Growing up as a little boy, I was scrawny, weak, and prone to illness (I even had to be in one of those bubbles in the hospital they make movies about). I was always the smallest in my class, doomed to be little and last picked my entire life... Until one day in the Second Grade, my dad took me camping.
In the Mountains of Wyoming on some free-stay campsite in the middle of nowhere I learned that I could be tough, scrappy, and could do anything I wanted to do. It all started when we went exploring - we walked for a little while until we found a river. I looked up at my dad and said “Lets cross it”. Looking back I dont think I realized how cold and wide this “little river” actually was. My dad looked at me and said “I need your shoes.” I remember thinking it was weird, but as any 2nd grader would do, I gave them over. With my shoes in hand, my dad quickly tied the laces together and threw my freaking shoes over onto the other side of the riverbank. He then paused for a second, bent over, took his shoes off and proceeded to throw them over as well. He then looked down at me and said “Well, now we have to cross”.
The trip had just began and we were also so poor growing up, that was my only pair of shoes I had at the time. So, I gave myself a little peptalk, and made my legs take one step, then another, then another, until I was waste deep in a freezing river. Slowly but surely I crossed the river, all 60lbs of me, barefoot, I crossed the river and got my shoes.
It was in that moment when I got back across that I learned quite a bit about myself, it was an experience that changed who I was at a core level – I developed a stubborn willingness to push myself harder than anyone else, to charge headlong into the rough and un-certain terrain. I learned that I had the power to ignore the cold, sharp rocks, my own personal discomfort to accomplish my goals. I learned in that moment, that those are the qualities that could set me apart, regardless of my size.
I would never be the biggest, or the strongest, or the fastest… BUT, I could be the TOUGHEST.
Since that time I began competing in numerous sports, including wrestling, boxing, and Rugby. I played rugby for over 12 years, eventually earning MVP and Collegiate All-American status in 2007. I have since retired, but through my experience I am living proof that toughness counts.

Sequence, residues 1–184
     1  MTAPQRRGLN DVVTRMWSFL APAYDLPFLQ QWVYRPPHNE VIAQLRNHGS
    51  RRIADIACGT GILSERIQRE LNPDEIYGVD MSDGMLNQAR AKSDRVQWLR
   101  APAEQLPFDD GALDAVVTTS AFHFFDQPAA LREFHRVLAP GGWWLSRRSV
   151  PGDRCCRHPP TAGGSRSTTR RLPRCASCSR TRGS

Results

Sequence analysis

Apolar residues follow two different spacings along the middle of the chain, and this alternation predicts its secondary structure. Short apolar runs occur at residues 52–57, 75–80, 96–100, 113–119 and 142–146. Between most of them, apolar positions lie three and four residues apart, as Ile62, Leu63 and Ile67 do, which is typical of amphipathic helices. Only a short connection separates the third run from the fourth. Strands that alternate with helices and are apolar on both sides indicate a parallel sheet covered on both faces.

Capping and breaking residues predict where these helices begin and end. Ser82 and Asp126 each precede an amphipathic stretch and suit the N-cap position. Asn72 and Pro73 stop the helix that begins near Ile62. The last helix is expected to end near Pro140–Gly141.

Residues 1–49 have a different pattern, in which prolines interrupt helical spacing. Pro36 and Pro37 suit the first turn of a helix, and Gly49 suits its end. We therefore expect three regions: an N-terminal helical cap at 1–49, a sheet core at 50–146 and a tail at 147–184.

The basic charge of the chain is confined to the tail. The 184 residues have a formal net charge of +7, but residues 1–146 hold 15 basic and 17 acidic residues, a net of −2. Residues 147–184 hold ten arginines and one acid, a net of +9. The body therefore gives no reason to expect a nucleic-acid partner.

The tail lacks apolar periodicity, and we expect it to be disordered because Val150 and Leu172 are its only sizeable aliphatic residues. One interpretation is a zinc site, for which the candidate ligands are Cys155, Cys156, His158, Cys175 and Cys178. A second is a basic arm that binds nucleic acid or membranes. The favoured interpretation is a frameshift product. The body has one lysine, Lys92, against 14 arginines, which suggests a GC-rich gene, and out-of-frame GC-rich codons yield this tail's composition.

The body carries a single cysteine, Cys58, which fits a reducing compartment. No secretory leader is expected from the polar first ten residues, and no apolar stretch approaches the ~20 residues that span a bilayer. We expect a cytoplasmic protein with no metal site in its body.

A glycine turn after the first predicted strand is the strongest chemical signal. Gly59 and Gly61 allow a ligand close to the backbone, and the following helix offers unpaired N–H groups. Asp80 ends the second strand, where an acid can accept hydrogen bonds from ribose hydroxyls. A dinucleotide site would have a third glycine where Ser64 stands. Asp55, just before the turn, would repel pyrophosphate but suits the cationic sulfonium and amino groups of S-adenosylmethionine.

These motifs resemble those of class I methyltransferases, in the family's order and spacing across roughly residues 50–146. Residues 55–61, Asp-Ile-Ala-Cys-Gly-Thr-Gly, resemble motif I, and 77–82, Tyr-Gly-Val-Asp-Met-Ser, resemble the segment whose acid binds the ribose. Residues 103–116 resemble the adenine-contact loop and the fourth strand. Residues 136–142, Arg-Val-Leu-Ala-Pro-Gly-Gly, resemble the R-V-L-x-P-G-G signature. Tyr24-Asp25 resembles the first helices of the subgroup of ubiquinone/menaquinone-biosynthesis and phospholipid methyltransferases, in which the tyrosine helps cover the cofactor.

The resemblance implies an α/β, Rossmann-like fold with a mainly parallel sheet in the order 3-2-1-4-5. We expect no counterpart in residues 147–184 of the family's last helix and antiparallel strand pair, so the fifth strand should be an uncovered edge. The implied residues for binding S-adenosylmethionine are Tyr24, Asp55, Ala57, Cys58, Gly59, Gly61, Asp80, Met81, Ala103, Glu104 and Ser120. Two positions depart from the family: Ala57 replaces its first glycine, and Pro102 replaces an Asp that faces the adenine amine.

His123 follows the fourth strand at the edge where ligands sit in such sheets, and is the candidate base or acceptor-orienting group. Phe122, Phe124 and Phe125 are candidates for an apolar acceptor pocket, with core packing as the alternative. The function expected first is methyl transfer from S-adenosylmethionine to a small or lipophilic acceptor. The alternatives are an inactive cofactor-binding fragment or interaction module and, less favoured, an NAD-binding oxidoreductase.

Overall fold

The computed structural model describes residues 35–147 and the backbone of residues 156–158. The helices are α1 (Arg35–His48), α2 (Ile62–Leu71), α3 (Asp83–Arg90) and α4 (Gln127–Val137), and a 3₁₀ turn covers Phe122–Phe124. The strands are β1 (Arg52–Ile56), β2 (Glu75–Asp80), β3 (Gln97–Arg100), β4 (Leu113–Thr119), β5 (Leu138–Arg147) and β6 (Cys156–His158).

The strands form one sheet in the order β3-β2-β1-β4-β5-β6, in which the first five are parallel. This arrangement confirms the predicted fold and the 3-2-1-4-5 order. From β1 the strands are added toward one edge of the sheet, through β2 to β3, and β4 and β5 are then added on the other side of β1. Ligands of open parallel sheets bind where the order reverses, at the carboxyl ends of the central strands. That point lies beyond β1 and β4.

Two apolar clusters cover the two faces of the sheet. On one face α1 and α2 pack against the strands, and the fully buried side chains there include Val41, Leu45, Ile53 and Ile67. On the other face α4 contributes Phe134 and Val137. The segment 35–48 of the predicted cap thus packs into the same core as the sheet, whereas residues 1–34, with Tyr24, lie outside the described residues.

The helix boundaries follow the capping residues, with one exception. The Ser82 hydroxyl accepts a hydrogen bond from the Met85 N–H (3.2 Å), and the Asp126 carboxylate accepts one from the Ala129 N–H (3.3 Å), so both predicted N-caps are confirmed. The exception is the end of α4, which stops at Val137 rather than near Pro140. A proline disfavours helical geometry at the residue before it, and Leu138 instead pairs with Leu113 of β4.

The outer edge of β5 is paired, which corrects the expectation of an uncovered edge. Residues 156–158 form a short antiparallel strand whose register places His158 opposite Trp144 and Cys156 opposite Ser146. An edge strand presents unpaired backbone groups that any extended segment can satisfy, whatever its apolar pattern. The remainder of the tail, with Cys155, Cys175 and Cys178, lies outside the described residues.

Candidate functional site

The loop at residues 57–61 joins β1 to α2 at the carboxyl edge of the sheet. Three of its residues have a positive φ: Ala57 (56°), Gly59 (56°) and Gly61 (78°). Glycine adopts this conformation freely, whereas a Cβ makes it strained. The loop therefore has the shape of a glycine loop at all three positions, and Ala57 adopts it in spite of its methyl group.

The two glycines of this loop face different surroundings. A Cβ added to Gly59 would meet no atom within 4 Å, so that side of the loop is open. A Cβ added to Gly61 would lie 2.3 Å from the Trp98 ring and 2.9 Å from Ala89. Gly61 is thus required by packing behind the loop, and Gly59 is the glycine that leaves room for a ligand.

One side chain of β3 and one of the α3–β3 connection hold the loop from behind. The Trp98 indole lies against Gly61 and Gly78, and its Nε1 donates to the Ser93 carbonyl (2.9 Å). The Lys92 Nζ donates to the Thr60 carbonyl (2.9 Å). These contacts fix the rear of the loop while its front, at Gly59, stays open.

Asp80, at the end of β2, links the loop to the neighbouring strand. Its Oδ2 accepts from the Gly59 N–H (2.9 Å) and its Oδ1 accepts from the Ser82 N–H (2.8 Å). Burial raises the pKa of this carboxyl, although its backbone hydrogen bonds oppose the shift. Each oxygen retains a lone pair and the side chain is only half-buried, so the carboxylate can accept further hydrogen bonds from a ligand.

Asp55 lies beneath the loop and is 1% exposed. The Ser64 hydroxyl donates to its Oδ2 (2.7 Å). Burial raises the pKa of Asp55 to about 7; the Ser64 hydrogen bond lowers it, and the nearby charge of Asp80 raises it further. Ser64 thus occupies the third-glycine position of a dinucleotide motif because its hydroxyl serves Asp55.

I remember growing up learning values such as family first, and hard work ethic being engrained in me from a very young age. I remember lessons such as men always sleep closest to the door, earn your keep, work hard for what you want, and never give up. My dad engrained these lessons in me intentionally.
People who didn’t lean these lessons are always extremely obvious to me; for instance huge meathead dudes with tons of muscles that wince at the idea of a cold shower. These are the guys that insist on wearing gloves when they lift. Its the same feeling I get when people who call themselves entrepreneurs call in sick with a tummy ache. These type of people are amazingly strong within their personal comfort zone bubble, but as soon as they are forced out of it, their attitude, performance, and value drops drastically.
Simply put - They lack toughness.
Toughness is the ability to get the job done regardless of circumstances. That might mean showing up when you are sick or injured. That might mean you pull all nighters to hit a deadline. That might mean you still get your morning run in, even when its snowing. That might mean you have two jobs that work you to the bone to make sure you provide for your family. It means you perform well athletically even when your workout consists of trees and axes, instead of pullup bars and comfortable room temperatures. Toughness means you find a way to get it done – end of story.
Toughness can be learned
It is a myth that you’re either born tough or you’re not. The truth is, toughness, both mental and physical, should be trained and tested just like any other skill. There are self-discipline routines that can train and cultivate personal will power, patience, and the ability to stay positive, focused, and determined no matter how bad things look.
Mental toughness boils down to willpower. When everyone else has decided they are too tired, you decide to keep going.
So, how can you cultivate mental toughness?
Self - Discipline
One of the best ways to develop mental toughness is to accept small discomforts on a regular basis. I began taking Cold Showers about 2 years ago. I also began to limit and test my bodies limits on sleep deprivation to maximize daily output, and I try to do a 24-hour fast at least once a month to keep me grounded. These sound crazy, but you would be amazingly surprised at the amount of pressure your body can take and still perform at optimum levels when tested.
There’s a lot to be said for doing things you hate doing - and learning to do them with a smile on your face. Life isn’t about happiness and comfort – Life is about the wild moments in between and how you react to them. Begin to test yourself in these areas and simply start a weekly cold shower diet. If that’s too much for you, maybe just start off with one a week. Something as simple as that daily exercise can literally transform your outlook on life and situations.
My challenge to you this week is to allow (or seek out) small inconveniences and discomforts in your everyday life. Learn to tolerate them. Learn to enjoy them.
Lets be the men and women that we were created to be. "No one gets remembered for being comfortable"
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